Disqualification of K Ponmudy over Corruption Charges

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What’s in Today’s Article?

  • Why in the News?
  • Background
  • Article 102 and Article 191 of the Constitution
  • Grounds on which an MLA/MLC can be Disqualified
  • News Summary

Why in News?

The Supreme Court has agreed to hear a plea by Tamil Nadu Government seeking its intervention in reinstating K Ponmudy as a minister.

Background

  • The Madras High Court in December last year convicted Ponmudy and his wife in a disproportionate assets case.
  • The HC convicted the former minister and his wife and awarded them a three-year jail term, along with a fine of Rs 50 lakh.
  • The couple was on trial for amassing assets during his tenure as minister for Mines and Minerals in the 2006–2011 DMK government.
  • This decision by the High Court triggered Section 8(3) of the Representation of the People Act, 1951.
    • “A person convicted of any offence and sentenced to imprisonment for not less than two years shall be disqualified from the date of such conviction and shall continue to be disqualified for a further period of six years since his release.”
  • While Ponmudy was disqualified and could no longer be a minister, he moved the Supreme Court challenging the HC ruling.

Article 102 and Article 191 of the Constitution

  • The criteria for disqualifications from membership of a state legislature are mentioned in the Article 191 of the Constitution of India.
  • Similarly, the disqualification criteria are laid down in the Article 102 relating to the membership of both the houses of Parliament.

Grounds on which an MLA/MLC can be Disqualified

  • The Parliament has prescribed a number of disqualifications in the Representation of People Act, 1951:
    • He must not have been found guilty of certain election offences or corrupt practices in the elections.
    • He must not have been convicted for any offence resulting in imprisonment for two or more years.
    • He must not have failed to lodge an account of his election expenses within the time.
    • He must not have any interest in government contracts, works or services.
    • He must not be a director or managing agent nor hold an office of profit in a corporation in which the government has at least 25 per cent share.
    • He must not have been dismissed from government service for corruption or disloyalty to the state.
    • He must not have been convicted for promoting enmity between different groups or for the offence of bribery.
    • He must not have been punished for preaching and practicing social crimes such as untouchability, dowry and sati.

Tamil Nadu Government approached the Supreme Court

  • The Tamil Nadu Government has approached the Supreme Court over the refusal of Governor RN Ravi to re-induct MLA K Ponmudy as a Minister in the State Government.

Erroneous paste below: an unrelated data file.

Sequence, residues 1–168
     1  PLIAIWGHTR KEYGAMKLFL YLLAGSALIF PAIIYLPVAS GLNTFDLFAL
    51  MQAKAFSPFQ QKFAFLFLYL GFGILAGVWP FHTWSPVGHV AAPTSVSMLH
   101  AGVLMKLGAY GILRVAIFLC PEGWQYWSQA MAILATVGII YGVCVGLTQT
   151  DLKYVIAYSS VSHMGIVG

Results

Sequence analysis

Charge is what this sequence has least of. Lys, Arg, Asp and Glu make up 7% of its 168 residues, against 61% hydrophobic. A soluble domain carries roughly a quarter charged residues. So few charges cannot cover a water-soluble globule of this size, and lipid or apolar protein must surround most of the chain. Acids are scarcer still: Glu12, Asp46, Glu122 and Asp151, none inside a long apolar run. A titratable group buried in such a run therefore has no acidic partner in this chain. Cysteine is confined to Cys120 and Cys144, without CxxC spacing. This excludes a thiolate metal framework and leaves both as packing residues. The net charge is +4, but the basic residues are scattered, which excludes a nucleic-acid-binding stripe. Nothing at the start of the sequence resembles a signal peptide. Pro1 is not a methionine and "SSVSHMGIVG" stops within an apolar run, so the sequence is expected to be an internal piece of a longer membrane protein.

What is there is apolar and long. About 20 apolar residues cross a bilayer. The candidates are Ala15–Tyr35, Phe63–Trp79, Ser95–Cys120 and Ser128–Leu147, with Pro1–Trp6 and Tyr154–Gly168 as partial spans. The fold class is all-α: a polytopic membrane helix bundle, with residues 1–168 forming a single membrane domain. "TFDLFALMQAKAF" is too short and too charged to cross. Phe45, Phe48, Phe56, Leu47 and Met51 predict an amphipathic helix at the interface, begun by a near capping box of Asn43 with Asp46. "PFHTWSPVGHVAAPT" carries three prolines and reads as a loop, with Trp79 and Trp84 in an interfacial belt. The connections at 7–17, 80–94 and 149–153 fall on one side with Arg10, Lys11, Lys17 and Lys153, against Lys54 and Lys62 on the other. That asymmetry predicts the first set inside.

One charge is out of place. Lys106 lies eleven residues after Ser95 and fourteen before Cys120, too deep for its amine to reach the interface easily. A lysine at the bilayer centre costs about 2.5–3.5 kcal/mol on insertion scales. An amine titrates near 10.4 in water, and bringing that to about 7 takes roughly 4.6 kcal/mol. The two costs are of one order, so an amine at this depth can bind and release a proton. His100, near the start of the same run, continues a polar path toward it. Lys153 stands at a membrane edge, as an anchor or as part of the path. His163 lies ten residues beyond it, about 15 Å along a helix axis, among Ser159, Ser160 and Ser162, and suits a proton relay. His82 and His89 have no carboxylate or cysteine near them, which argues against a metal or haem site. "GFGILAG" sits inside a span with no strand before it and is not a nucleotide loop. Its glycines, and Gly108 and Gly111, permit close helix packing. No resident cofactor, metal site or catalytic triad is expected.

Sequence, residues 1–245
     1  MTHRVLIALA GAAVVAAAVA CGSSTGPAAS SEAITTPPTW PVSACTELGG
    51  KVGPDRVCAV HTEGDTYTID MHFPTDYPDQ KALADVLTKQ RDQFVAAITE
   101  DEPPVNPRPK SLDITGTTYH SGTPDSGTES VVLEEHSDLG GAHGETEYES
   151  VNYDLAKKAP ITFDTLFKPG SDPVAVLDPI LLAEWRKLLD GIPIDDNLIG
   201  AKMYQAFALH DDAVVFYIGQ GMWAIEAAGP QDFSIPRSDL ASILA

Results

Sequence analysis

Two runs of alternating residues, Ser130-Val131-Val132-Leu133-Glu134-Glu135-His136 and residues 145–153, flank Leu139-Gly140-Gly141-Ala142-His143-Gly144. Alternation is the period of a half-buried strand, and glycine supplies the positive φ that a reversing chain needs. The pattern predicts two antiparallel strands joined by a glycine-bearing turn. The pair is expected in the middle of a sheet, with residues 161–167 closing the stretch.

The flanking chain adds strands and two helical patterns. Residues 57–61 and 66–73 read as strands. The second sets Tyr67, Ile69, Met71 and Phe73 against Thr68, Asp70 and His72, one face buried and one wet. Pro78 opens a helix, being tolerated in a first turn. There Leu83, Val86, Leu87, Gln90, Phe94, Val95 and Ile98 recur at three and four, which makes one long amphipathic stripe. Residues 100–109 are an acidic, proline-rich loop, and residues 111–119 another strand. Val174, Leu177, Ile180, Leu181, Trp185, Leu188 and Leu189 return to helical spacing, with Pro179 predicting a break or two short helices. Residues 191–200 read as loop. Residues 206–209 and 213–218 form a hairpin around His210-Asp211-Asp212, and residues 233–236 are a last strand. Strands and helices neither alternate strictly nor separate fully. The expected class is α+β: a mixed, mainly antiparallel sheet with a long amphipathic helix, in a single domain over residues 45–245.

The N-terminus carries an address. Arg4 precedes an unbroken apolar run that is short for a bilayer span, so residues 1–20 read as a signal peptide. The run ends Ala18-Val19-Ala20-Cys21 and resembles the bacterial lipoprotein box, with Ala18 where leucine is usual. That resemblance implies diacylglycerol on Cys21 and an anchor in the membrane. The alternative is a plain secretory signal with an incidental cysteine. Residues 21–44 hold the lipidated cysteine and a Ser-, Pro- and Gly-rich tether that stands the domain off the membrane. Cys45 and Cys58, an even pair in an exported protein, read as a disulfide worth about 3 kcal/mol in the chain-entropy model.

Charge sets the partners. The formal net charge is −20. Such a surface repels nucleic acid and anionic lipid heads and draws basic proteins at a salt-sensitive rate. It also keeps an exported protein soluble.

• Arguments forwarded by the TN Government
    • Further, the State seeks a direction to the Governor to act as per the Chief Minister’s recommendation to appoint Ponmudy as a Minister.
    • The State argued that the Governor has to act as per the Chief Minister’s recommendation in terms of Article 164 (1) of the Constitution.
    • The State also cited the Supreme Court’s judgment in Lok Prahari case (2023) which stated that if the conviction is suspended, then disqualification will cease to operate.
    • The State argued that the Governor, by acting against the judgment, is committing contempt of court.
  • Role of Supreme Court
    • Last week, the Supreme Court had stayed the conviction of Ponmudy in a Disproportionate Assets case.
    • While staying the conviction and sentence, the SC observed that in view of Section 8(3) of the RPA, 1951, the MLA, who was sentenced to over 2 years of imprisonment, would have incurred disqualification as a result of conviction.
  • Stand of Tamil Nadu Governor
    • Tamil Nadu Governor RN Ravi wrote to the Chief Minister MK Stalin staying that since Ponmudy was held guilty by the High Court for a serious offence amounting to moral turpitude, relating to corruption.
    • Hence, his re-induction in the Council of Ministers while he remains tainted of corruption would be against Constitutional morality.
    • The Governor stated that the conviction has only been suspended and not set aside by the Supreme Court.

Q1) What do you mean by Office of Profit?

 Office of profit is a position that brings or has the potential to bring the person holding it financial gain. Under the Indian constitution (Articles 102 and 191), holding an office of profit by a legislator is not allowed. Holding the office of profit can lead to the disqualification of said legislator (MP or MLA).

Q2) What do you mean by Disproportionate Assets?

Disproportionate assets refer to assets or wealth that are significantly higher than the known sources of income of an individual. In legal proceedings, it is alleged that the accused has acquired assets through corrupt or illegal means.


Source: Tamil Nadu government approaches Supreme Court as Governor Ravi refuses to swear-in Ponmudy as Minister | IE